Published weekday mornings as the coffee brews
Jessica,It seems like there must be some sort of "back-story" that goes along with this one. Have you ever considered adding some of the backstories that led you to some of your pictures?It might take away from the "universality" but I think it would an interesting perspective for regular readers of your blog!Dave
A tad too bitter for me. I'm not yet jaded by life enough to believe that anyone "outside the will" won't call.
You could also switch B and C.
I think it's supposed to be that B got in the last will because he visited and c didn't because he didn't visit. Is that wrong?
As usual, I think I read this differently...the one who were less likely to call were the ones less likely to care in general, and therefore are the ones who are getting nixed from the will; the ones who were likely to show up were the ones who had shown compassion throughout life, and are therefore the ones likely to be included in the will.That graphs can have different readings is interesting to me, as it indicates how fragile/versatile pictoral representations can be--even mathematical ones.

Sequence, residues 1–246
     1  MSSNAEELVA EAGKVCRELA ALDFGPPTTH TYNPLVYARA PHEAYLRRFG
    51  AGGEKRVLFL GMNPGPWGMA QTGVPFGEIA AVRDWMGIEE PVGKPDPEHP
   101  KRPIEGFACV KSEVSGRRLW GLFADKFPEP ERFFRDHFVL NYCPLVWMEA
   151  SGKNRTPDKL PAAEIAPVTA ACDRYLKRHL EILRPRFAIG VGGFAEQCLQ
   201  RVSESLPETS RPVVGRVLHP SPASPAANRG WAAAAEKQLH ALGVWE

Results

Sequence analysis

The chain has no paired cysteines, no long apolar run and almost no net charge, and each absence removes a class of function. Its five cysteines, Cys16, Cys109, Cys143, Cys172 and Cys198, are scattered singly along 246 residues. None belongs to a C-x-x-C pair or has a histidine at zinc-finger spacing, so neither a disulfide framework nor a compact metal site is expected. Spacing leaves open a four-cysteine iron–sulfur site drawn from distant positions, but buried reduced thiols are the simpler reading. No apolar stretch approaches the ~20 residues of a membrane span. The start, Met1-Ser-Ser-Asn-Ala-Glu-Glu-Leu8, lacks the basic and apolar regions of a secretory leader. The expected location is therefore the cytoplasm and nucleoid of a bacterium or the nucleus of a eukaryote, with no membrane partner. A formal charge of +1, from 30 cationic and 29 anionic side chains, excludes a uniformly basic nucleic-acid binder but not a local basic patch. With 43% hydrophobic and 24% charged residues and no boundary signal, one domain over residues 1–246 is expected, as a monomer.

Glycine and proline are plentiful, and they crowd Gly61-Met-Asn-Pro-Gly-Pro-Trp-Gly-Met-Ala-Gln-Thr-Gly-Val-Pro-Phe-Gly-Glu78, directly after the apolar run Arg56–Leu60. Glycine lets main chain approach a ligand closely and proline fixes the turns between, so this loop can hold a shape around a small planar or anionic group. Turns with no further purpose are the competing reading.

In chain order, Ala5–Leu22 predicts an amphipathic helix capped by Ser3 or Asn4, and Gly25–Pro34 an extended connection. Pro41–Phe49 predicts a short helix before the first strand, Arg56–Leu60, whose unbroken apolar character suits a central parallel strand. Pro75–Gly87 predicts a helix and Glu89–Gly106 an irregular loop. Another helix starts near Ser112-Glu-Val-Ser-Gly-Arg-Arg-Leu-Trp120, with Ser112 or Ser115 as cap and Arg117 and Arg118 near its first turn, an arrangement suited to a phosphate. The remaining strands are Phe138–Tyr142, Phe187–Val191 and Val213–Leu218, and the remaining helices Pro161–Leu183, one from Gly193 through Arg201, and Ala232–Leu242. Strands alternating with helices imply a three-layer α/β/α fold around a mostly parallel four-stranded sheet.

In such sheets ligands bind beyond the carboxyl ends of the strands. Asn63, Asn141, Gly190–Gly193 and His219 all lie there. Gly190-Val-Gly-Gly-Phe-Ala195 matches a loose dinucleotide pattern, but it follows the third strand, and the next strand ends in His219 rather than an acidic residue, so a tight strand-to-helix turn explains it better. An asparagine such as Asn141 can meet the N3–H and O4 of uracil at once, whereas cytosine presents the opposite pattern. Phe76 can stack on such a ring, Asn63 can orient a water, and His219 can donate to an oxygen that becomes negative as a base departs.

I read it like English Clergyman - that the actions of B and C led to inclusion/exclusion in the Will - mainly because I assumed those in groups B and C didn't know the contents of the Will. If groups B and C do know the contents, then the backstory gets more interesting.
And now I feel even guiltier that I haven't called my Grandma. The 3 hour time difference + her early bedtime makes it difficult. :(
David,it means that those who don't call, don't make it in the will; not that if they don't make it in the will they wont call.
i have to see my grandma... thanks for reminding me..
I have seen with a few instances which would lead me to believe that B and C, could indeed be switched.Often, the ones who paid the most attention to the person in his last few years, got kicked aside in favor of those who were more closely related. And the two variable were usually mutually exclusive.
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